Experts in Australia, New Zealand & South Pacific

Top things to do in Brisbane

Posted 06 March 2015
This post is not just about the city, it’s about the life that surrounds the city. Brisbane is a city that for so long remained in the shadow of glamorous Sydney and cosmopolitan Melbourne – but hey, Brisbane doesn't do shadows. There’s too much sunshine.

Australian cities mostly have one thing in common: they come with a beach, or have access to several beaches. Brisbane is no different; in fact it’s nestled between two of the best strips of metro-beach to be found anywhere in the world.

If you like to get out on the water then you are spoilt for choice. With the Gold Coast (aka the Goldie) to the south and the Sunshine Coast (aka the Sunny) to the north of the city, there’s plenty of opportunity to get out on the water.

A trip to Sea World is highly recommended for all the family down on the Gold Coast. There's plenty to do ranging from popular 10-minute helicopter rides up and down the coastline, or for maritime adventure try whale watching cruises to see these mighty creatures break surface just a few hundred metres from the shore.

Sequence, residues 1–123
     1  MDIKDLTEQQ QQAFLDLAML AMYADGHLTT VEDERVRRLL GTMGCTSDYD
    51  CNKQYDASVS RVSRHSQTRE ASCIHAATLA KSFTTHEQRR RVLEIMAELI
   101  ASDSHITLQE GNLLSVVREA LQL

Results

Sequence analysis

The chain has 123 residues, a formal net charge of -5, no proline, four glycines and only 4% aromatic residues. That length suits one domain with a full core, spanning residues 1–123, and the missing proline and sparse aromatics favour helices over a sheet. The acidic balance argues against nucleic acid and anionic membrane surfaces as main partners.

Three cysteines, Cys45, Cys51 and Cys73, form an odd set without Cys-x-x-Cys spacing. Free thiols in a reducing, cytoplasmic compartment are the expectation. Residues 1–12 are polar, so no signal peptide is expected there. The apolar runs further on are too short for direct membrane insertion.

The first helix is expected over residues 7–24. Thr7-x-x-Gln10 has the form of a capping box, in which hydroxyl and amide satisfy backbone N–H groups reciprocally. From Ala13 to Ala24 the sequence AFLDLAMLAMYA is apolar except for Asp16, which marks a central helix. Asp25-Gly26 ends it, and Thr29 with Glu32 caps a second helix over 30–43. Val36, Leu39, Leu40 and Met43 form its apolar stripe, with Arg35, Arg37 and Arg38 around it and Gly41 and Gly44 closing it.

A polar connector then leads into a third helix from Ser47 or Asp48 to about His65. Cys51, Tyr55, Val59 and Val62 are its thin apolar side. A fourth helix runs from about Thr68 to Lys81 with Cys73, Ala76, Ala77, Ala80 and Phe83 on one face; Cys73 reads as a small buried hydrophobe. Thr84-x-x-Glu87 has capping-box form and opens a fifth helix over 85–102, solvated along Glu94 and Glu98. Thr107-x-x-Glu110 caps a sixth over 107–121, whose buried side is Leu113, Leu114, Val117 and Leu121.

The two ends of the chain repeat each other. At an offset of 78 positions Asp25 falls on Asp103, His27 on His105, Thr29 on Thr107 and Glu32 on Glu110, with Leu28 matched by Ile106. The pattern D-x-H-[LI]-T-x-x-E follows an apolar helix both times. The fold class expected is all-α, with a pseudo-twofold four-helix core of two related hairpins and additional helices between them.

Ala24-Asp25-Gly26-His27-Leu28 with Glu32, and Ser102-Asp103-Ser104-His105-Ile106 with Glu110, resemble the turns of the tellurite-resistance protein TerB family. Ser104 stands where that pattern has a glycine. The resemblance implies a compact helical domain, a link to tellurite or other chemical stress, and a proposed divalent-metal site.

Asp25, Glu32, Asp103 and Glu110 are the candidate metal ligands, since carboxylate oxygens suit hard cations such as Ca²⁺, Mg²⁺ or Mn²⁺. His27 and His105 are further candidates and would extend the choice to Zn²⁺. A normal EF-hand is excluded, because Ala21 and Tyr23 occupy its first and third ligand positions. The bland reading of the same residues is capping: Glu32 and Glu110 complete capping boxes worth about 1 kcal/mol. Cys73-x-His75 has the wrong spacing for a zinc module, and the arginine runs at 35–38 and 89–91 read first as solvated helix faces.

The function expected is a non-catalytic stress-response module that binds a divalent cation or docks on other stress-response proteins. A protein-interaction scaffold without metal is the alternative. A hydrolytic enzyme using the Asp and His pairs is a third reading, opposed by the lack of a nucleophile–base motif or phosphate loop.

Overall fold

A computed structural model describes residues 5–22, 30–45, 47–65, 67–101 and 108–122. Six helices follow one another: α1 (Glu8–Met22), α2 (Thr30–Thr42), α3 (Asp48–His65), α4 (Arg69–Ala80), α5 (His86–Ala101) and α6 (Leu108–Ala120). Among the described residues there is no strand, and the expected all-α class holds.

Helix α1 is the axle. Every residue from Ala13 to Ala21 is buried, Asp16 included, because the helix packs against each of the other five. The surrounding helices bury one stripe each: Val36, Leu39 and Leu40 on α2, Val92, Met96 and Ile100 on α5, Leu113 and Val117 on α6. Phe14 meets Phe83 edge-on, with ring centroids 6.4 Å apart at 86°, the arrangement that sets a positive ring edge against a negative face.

Yet Brisbane is also one of the few cities to have a beach in the centre of the city. South Bank Parklands is a man-made sandbar situated next to the Brisbane River, right in the heart of the cultural and entertainment sector of the city. It is a great place to hang out, especially for younger members of the family. There are 17 hectares of tropical parklands, shallow splash pools, restaurants and cafes, plus lots of events held here throughout the year. 

Brisbane has always been different. It didn’t court the limelight like other cities – but just got on with being quietly fabulous. When you think of Sydney you think of the glitz of LA, and trendy Melbourne is reminiscent of many European cities; however, Brisbane is unmistakably Australian. And with a mere two and a half million inhabitants, Brissie also has an intimate feel to its environs - in short, everyone knows somebody who knows your best mate. 

Inland from the city Lamington National Park is a nature lover’s paradise just 100 kilometres to the south. It’s a short scenic drive before you’re able to take a tree-top walk suspended in the lush canopy 15 metres off the ground in one of the most extensive subtropical rainforests in the world. 

When you need to get around, take a ride on a City Hopper. These are small ferries that cruise the Brisbane River and are used by commuters and visitors alike as an easy and idyllic way to criss-cross the city in the most leisurely way possible. 

There’s a saying in this part of the world that should tell you all you need to know: beautiful one day, perfect the next. Sharp blues skies seem to be the norm. If you are a sun-starved Brit, then prepare for a vitamin D overload. So buy a tube of factor 50 and a good pair of sunnies (shades) and ‘she’ll be apples’ (everything will be just fine).